Science Waste

In the weekly meetings of my graduate seminar on Marine Pollution this semester, topics like plastic pollution, derelict fishing gear, and noise pollution stimulated a great amount of discussion among fellow graduate students. During a lot of these (sometimes heated) discussions, buzzwords like “policy”, “sustainability”, “funding”, or “public awareness” came up frequently as we put our heads together to figure out what could be done to manage and mitigate marine pollution. This seminar taught me a lot about how intertwined policy is with a lot of these marine pollutants, whereas before I tended to focus on the ecological effects each pollutant had. Beyond that, however, this seminar pushed me to reflect on how I contribute to the problem—both as a scientist and as a human.

I’ve taken measures at home to reduce the amount of waste I produce by recycling (glass containers to cups), reusing grocery bags, and reducing the amount of plastic-packaged goods I buy. While these things are easy enough for anyone to do in their day-to-day life, the simple switch may not be as apparent for scientists. I’ve been fortunate enough to be able to reuse a lot of materials from colleagues for my experiments, but many scientists do not have that option. Take geneticists for example—there is no non-plastic alternative the petri dishes or pipette tips they use in their research. Because so much of their research is sensitive to contamination, the prospect of reusing any of those materials becomes practically impossible (see picture below from our research in Moorea).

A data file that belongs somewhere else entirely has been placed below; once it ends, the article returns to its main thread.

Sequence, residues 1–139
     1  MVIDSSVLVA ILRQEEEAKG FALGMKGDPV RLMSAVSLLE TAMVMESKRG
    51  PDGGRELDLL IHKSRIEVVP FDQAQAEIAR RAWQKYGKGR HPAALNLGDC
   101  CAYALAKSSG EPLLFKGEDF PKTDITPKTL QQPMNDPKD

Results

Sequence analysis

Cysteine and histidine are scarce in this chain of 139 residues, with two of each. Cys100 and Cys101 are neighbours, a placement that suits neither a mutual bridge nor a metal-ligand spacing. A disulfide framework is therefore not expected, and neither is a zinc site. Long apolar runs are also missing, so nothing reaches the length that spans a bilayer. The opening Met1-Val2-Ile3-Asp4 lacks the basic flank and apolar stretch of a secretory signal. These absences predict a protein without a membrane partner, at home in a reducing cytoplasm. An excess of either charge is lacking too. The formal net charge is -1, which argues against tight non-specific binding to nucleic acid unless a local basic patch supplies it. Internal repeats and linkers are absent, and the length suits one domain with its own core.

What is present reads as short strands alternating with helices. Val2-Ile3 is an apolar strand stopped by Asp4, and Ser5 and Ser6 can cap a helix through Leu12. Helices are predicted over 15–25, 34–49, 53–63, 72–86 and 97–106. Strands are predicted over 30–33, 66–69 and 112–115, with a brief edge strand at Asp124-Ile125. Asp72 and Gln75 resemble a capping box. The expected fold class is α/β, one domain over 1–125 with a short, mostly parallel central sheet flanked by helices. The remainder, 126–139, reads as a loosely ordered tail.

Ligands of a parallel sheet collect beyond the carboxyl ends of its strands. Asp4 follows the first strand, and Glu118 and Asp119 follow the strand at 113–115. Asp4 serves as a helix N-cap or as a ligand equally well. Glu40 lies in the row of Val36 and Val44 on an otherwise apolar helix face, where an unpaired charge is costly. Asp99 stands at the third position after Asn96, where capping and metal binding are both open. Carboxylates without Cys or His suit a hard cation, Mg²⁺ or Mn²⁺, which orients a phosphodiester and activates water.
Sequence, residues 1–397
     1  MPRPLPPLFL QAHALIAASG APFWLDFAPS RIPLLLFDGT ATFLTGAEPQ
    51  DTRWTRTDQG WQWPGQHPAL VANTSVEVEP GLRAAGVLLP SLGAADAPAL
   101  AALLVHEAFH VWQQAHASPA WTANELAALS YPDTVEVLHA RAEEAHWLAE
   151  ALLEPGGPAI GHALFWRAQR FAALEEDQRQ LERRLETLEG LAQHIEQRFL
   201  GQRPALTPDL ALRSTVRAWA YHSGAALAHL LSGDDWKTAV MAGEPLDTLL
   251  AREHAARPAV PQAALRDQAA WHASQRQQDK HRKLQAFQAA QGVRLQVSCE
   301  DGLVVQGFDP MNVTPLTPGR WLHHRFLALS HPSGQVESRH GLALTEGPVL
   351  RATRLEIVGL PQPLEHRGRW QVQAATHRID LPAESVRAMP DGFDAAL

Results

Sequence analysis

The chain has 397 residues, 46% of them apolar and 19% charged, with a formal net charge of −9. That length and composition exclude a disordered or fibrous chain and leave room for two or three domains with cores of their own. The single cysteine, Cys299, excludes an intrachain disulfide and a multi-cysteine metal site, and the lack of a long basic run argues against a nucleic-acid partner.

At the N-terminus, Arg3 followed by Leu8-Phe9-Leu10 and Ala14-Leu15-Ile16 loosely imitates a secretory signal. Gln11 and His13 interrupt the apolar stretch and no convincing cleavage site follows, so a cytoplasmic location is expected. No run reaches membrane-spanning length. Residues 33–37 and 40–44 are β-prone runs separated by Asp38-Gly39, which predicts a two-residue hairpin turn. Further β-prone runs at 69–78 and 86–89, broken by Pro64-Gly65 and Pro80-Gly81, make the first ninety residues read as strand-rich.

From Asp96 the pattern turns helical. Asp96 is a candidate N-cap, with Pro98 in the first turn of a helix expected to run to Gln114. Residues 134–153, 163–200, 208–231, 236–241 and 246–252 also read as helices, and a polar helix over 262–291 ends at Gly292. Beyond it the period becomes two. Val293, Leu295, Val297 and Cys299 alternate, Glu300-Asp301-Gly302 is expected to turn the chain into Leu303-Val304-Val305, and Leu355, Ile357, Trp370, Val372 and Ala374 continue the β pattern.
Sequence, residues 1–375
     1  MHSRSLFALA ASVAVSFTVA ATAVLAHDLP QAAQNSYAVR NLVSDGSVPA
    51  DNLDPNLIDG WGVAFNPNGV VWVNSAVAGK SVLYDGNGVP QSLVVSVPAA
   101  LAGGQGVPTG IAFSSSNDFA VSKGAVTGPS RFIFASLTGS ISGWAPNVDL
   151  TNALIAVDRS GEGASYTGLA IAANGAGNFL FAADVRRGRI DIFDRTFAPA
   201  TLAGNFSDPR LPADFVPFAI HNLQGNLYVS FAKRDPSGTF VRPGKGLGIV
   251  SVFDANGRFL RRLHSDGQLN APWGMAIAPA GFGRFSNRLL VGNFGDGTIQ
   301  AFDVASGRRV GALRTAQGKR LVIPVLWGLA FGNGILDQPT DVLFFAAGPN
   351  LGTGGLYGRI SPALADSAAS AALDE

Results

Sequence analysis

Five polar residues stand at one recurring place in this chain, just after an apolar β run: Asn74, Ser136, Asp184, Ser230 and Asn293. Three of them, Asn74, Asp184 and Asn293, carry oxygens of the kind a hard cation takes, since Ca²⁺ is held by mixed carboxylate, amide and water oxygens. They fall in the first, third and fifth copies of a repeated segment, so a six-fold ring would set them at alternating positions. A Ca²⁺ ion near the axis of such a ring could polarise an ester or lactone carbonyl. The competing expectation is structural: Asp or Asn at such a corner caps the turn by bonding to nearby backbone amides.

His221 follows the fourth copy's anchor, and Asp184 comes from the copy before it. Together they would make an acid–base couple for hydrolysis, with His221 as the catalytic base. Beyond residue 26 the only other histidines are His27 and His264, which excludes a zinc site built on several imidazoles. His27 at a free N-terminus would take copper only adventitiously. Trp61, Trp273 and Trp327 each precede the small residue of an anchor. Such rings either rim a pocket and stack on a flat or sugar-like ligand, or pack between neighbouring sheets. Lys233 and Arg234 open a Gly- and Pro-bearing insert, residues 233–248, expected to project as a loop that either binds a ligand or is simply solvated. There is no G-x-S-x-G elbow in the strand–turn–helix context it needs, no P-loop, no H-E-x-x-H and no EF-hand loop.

To a lesser degree, field ecologists face a similar issue; the amount of PVC piping, zipties, tiles, and general hardware we use is absolutely insane! For marine (and likely terrestrial) experiments, we build rigs, quadrats, and permanent transects, put them in the field, and hope they’re still there when we come back. From my experience, much of this material does not get reused, mainly because of the grunt work (*cough* undergraduates *cough*) required to clean and prep materials for redistribution into the field. Even then, there’s probably a good amount of experimental gear that gets lost at sea and accumulates somewhere.

Okay, so maybe as individual scientists we may not toss that much into the ocean to do our research, but think about how much marine research is going on worldwide answering all sorts of fun questions about ocean acidification, oil spills, invasive species, etc…it all adds up pretty quickly. This, along with the carbon footprint we make through travel to/from research sites and conferences (see Casey’s blog post about your ESA footprint), means that we don’t necessarily practice as much as we preach. That’s not to say you should limit your research by only using recycled materials, just that sustainability should be factored into the experiment somehow. Think about that next time you’re scrubbing stubborn barnacles or gooey tunicates off of field instruments.

Just *half* of the waste we produced from our DNA extractions

P.S. Melissa and I are in Moorea, French Polynesia right now researching the coral microbiomes of a widespread coral with several color morphs (last year’s trip post). Even though we’re only halfway through our extractions (and we’re conserving pipette tips where possible), we’re still producing a substantial amount of plastic waste, and can’t deal with our trash the same way as the resident tahitans do (burning daily/weekly in their yards).


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